TikTok Whistleblower Says Chinese Communist Party Has Backdoor Access to American User Data

China ByteDance TikTok backdoor lawsuit alleges CCP had access to U.S. user data
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China ByteDance TikTok backdoor lawsuit alleges CCP had access to U.S. user data
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Photo Credit: Solen Feyissa

A former ByteDance executive fired from the company has filed a lawsuit alleging the company has backdoor access to U.S. user data in China.

The lawsuit alleges that ByteDance stole content from competitors like Instagram and Snapchat and served as a propaganda tool for the Chinese government by suppressing or promoting content favorable to the country’s interests. These allegations have been discussed in the United States for months now, with FBI Director Christopher Wray urging Congress to take action against the app.

The latest allegations surfaced in a complaint filed by Yintao Yu, the Head of Engineering for ByteDance U.S. operations from August 2017 to November 2018. They come as part of a wrongful termination suit filed earlier this month in San Francisco Superior Court. Yu says he was fired from his job for disclosing wrongful conduct he witnessed while employed at the company.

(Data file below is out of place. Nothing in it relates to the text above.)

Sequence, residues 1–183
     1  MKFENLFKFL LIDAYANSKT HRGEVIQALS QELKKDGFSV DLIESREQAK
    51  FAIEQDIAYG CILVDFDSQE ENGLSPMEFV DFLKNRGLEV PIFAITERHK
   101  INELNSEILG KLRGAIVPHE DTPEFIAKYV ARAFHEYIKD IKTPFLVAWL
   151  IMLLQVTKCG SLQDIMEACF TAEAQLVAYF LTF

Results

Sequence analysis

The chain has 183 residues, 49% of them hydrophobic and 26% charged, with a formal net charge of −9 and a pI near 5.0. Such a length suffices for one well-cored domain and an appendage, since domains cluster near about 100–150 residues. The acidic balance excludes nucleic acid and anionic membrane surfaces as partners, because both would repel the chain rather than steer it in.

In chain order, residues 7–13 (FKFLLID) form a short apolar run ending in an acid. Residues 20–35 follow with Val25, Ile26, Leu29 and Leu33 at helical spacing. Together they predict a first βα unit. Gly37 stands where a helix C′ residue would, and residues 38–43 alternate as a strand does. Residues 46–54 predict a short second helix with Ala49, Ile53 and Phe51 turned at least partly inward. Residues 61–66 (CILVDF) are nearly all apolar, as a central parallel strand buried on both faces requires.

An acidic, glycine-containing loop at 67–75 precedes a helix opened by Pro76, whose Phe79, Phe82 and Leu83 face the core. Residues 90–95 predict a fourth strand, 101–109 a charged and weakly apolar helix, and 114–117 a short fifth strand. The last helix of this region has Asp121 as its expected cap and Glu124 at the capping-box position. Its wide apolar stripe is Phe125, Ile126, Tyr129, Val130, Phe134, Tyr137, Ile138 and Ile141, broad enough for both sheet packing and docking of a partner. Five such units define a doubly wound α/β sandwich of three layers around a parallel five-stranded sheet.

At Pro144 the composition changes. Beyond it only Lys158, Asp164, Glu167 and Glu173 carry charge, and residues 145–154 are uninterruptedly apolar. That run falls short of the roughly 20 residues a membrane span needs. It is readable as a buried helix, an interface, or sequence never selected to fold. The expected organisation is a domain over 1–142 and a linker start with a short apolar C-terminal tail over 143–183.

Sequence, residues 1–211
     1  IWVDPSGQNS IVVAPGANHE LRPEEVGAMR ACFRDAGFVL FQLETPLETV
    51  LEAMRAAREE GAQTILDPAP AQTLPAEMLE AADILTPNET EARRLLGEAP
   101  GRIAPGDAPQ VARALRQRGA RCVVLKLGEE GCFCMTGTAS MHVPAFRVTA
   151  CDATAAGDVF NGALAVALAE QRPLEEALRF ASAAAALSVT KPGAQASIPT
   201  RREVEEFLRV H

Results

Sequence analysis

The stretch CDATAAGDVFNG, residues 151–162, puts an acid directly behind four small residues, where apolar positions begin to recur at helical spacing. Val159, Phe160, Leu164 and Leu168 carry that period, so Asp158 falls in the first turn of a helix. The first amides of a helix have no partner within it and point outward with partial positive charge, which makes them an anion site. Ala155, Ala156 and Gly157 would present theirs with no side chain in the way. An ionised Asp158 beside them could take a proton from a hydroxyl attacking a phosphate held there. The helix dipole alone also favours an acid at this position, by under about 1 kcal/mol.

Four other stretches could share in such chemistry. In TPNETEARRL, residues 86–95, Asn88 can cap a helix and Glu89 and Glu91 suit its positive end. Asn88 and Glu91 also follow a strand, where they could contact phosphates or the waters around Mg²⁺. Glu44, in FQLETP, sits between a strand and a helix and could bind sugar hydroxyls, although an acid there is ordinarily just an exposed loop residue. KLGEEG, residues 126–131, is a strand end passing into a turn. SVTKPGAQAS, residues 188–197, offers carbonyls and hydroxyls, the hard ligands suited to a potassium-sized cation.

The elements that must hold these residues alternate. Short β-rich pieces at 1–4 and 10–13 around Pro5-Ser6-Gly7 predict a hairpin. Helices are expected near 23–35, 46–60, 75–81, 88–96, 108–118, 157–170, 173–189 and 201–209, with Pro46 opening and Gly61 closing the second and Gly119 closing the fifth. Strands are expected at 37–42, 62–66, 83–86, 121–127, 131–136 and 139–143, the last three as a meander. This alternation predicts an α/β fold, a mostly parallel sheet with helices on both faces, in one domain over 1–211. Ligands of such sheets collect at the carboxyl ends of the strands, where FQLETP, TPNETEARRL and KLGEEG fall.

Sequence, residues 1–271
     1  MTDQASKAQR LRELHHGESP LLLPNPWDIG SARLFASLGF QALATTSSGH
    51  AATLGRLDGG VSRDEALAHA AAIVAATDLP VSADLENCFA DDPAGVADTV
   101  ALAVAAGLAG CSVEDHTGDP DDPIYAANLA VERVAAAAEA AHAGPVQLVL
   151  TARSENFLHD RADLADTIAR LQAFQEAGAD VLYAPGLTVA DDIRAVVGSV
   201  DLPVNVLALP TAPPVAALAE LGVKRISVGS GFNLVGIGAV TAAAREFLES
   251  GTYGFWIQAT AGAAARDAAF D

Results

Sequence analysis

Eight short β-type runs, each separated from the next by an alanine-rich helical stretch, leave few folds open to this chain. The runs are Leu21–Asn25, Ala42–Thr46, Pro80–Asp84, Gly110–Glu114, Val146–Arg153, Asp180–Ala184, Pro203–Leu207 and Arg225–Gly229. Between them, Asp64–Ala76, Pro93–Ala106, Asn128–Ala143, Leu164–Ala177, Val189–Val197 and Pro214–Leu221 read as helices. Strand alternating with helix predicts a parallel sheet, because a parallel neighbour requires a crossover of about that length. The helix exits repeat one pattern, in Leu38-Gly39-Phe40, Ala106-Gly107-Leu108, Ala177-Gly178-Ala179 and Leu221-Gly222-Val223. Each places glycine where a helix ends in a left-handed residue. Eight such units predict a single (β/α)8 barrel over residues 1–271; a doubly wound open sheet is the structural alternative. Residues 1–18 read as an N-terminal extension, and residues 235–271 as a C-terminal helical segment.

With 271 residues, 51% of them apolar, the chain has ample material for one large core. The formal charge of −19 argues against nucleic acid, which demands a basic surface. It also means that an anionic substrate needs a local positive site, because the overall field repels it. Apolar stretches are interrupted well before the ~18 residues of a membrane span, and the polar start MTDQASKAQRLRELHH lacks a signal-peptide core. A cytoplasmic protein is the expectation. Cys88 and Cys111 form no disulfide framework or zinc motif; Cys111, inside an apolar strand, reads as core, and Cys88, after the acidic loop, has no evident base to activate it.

The complaint says the Chinese government monitored ByteDance’s work from within its Beijing headquarters. It also says the CCP offered guidance to ByteDance on advancing “core communist values.” The suit also alleges that CCP government officials had the ability to turn off the Chinese versions of ByteDance—while also maintaining access to all company data including that stored in the United States.

TikTok says it has never handed U.S. user data to the Chinese government and wouldn’t do so if asked. However, one hardly needs to ‘hand over’ data when an engineering backdoor to access said data is built into the system. Further in the lawsuit, Yu alleges that the CCP used the app to stoke anti-Japanese sentiment on the Chinese version of TikTok called Douyin.

Yu also alleges that ByteDance developed software that would scrape user content from other sites, like Instagram, Snapchat, and YouTube—without the original creator’s permission. The company then reposted the content on its own websites, including TikTok, in order to attract more engagement from users in the fledling days of the app.